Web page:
A few years ago I attended Sage’s global user conference in New Orleans alongside a small group of industry analysts and media folks. The event was my first experience with Sage’s then freshly minted CEO, Stephen Kelly. Kelly, who was formerly the CEO of Micro Focus, had more recently spent time in the public sector as COO of the UK Cabinet Office, creator of the infamous GOV.UK property and the G-Cloud approved government supplier marketplace.

Kelly was brought on board to try and tidy things up at Sage which was when he joined, something of a mess. Sage’s modus operandi, up to that point, had been to acquire small accounting software players to add to its huge portfolio of products. While this may have been accretive in terms of revenue, it created a hugely complex business that was massively convoluted.

So Kelly had a big job to do, but he had a fair amount of experience and was anything but lacking in confidence. Indeed, in an exchange that has seared onto my memory, Kelly went to great lengths to point out on multiple occasions to the attendant hordes just how humble he is as a person. The irony of someone standing on a keynote stage having just been feted by triumphant entrance music telling us all that he is the most humble man alive seemed to have been lost on Kelly.

The Salesforce deal

Lack of humility aside, Kelly seemed to have found a soulmate in the form of Marc Benioff, CEO of Salesforce. The two, while seemingly unlikely BFFs, seemed to hit it off and Kelly professed a desire to reinvent Sage’s product mix by building replacement products on top of Salesforce’s platform. As I detailed at the time:

The two are announcing that they have forged a strategic partnership that sees Sage create a new application, Sage Life, built on Salesforce’s own platform. It means that Sage gets a customizable, mobile accessible and modern product, not to mention a healthy dose of credibility that comes from being friendly with Salesforce.

Kelly was excited to be leveraging a platform that didn’t require him to build a product from the ground up. I was less sure and commented that:

Force.com [the Salesforce platform] has, until now, been a platform focused on more enterprise-level use cases. As I saw it, building a small and mid-sized business (SMB) tool, on top of an enterprise platform created some weird dynamics in terms of economics and fit. Kelly disagreed and we were happy to respectfully see this issue from two different sides.

Lucrative gig, but needing more than a pretty face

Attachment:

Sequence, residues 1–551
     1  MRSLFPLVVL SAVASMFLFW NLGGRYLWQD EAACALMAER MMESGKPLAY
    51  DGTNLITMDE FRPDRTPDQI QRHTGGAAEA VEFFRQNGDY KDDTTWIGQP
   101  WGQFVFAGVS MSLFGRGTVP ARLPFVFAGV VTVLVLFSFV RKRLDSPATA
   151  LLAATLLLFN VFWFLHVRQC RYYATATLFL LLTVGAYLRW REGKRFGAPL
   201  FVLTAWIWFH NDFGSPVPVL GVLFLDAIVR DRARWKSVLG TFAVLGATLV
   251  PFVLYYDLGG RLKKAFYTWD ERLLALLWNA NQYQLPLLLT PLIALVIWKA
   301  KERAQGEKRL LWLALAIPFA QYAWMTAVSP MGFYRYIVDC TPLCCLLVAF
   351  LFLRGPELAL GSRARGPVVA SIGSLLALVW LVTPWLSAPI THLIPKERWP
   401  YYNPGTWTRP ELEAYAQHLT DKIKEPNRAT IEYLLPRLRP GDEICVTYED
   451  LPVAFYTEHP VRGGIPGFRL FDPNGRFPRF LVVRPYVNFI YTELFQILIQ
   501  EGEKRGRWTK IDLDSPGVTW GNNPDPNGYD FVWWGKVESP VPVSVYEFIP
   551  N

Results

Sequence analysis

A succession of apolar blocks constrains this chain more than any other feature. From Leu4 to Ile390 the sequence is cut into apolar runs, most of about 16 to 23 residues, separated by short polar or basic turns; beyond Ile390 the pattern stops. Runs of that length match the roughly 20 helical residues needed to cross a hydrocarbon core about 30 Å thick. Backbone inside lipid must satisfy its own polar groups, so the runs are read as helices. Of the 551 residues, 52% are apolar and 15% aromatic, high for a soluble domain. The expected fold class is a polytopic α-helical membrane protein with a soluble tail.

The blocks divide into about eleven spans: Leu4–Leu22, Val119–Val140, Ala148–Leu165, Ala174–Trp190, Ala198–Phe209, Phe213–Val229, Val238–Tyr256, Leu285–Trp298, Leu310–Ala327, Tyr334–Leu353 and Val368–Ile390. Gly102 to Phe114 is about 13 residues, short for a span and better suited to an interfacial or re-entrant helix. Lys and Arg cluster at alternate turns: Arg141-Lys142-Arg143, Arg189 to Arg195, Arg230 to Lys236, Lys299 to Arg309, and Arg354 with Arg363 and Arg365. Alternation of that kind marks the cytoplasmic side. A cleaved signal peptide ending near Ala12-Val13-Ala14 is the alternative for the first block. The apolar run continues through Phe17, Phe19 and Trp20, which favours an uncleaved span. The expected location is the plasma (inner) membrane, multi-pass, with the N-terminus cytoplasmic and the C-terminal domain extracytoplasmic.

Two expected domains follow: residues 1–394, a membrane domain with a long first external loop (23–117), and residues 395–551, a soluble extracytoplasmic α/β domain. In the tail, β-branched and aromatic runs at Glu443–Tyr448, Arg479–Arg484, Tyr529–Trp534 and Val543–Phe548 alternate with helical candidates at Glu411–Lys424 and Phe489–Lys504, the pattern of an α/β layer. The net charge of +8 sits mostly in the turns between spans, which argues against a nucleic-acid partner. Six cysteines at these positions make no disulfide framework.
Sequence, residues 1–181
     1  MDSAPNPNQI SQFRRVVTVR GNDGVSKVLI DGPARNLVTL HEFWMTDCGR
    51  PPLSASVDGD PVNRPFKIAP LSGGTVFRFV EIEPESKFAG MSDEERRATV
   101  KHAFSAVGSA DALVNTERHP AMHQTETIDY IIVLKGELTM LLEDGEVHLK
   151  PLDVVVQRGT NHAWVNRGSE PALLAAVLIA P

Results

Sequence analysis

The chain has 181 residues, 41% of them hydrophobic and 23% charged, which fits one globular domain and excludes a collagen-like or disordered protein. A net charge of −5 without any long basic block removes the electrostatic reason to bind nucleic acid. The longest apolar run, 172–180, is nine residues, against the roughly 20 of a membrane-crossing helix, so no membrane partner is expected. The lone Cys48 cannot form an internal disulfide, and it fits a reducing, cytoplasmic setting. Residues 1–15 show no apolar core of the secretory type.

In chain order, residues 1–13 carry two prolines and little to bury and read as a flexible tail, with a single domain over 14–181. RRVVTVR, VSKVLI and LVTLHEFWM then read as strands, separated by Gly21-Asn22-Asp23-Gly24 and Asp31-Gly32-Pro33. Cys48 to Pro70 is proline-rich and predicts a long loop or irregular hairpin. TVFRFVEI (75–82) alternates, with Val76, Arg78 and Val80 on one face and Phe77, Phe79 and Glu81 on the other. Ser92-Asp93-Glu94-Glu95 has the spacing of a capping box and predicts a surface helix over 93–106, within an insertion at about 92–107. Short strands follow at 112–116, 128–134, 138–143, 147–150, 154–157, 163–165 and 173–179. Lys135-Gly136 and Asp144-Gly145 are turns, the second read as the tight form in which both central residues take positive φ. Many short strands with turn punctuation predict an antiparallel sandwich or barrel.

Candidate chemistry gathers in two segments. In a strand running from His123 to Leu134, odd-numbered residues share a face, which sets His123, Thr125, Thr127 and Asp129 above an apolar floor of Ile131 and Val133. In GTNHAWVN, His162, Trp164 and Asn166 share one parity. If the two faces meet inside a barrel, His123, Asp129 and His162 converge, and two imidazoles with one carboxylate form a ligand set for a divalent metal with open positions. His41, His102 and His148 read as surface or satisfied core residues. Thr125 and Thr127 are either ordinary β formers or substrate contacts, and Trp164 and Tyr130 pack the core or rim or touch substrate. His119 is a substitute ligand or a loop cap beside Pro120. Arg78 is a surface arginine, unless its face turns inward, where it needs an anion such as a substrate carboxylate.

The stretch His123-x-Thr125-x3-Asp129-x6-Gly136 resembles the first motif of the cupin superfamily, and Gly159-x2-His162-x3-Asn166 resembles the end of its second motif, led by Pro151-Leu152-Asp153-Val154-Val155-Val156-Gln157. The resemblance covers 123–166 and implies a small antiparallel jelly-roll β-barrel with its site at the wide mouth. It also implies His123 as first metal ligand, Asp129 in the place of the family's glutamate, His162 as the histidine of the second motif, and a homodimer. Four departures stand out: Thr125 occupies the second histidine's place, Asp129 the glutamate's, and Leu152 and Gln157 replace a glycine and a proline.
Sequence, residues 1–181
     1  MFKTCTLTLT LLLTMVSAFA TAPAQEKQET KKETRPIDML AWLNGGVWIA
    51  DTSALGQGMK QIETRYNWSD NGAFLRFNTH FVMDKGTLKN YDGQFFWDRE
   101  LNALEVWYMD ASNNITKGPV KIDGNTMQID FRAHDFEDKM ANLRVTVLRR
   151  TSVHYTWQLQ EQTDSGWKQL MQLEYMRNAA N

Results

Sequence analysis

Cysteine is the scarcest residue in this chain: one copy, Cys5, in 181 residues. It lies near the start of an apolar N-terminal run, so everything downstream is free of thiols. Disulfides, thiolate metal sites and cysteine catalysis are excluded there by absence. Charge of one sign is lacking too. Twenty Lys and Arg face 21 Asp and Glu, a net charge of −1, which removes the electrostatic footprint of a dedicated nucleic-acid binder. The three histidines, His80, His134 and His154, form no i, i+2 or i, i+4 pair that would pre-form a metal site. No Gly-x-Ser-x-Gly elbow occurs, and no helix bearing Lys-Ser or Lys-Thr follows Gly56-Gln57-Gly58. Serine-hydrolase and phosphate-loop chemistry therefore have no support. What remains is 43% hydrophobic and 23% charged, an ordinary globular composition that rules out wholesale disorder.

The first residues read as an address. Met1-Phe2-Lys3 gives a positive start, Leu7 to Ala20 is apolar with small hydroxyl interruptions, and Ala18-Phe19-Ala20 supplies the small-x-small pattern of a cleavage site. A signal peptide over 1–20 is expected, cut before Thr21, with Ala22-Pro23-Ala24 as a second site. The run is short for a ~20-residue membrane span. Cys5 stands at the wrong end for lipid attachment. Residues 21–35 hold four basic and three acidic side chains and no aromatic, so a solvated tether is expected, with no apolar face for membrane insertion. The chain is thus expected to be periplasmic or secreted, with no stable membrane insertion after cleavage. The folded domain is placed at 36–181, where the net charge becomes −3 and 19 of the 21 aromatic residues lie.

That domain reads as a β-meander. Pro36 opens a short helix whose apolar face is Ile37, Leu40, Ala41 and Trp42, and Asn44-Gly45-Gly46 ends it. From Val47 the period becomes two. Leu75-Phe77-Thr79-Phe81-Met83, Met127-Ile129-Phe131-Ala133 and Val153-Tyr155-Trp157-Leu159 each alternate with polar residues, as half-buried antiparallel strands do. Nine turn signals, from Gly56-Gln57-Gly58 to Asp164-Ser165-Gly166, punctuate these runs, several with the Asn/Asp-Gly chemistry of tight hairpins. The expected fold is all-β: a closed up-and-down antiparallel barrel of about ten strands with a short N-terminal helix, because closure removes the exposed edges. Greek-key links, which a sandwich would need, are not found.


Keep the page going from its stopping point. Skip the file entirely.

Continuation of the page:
Kelly was certainly a good face to have on stage, not only was he good at dropping the on-message lines, but he was humble as well (did I mention that already?) But CEO’s need to deliver results as well as soundbites and Kelly’s £790k salary alongside his nearly million quid stock bonus, was intended to drive overall financial results for the group.

In this he was less successful after the share price increased post his joining, things haven’t been so rosy and the latest half-year financial results were pretty dire which, in turn, prompted a share price drop.

In response, Kelly reverted to type and took a machete to his management team, firing 30 senior staffers. Included in that list was Alan Laing, the UK managing director that had been in the role a sum total of a year – carving out that many senior staff indicates things are pretty bad.

The Intacct purchase

Last year Kelly scooped in and acquired Intacct as a way to obtain a genuinely cloud-based mid-market product. That acquisition has probably gone OK for the company, but it didn’t really lead to any acceleration in the move to true cloudiness across the Sage portfolio – Kelly was notorious for slapping a “cloud” sticker on older Sage product lines and going to market with a marketing-led message.

In a market that has pure-play cloud vendor Xero leading the charge, and a newly resurgent Intuit making real progress, that wasn’t a strategy that was appreciated by many.

What now?

Sage is a mess – it was a mess before Kelly and despite his slick talk and Brylcreem infested locks, it was a mess during his tenure. It’s hard to look at Sage and not be frustrated by their apparent inability to innovate – other legacy accounting vendors have done so (witness Intuit) and are enjoying the rewards.

Personally, I won’t miss Kelly – in an industry well known for its egos, hubris, and arrogance, he went above and beyond on all three traits.

Ben Kepes

Ben Kepes is a technology evangelist, an investor, a commentator and a business adviser. Ben covers the convergence of technology, mobile, ubiquity and agility, all enabled by the Cloud. His areas of interest extend to enterprise software, software integration, financial/accounting software, platforms and infrastructure as well as articulating technology simply for everyday users.

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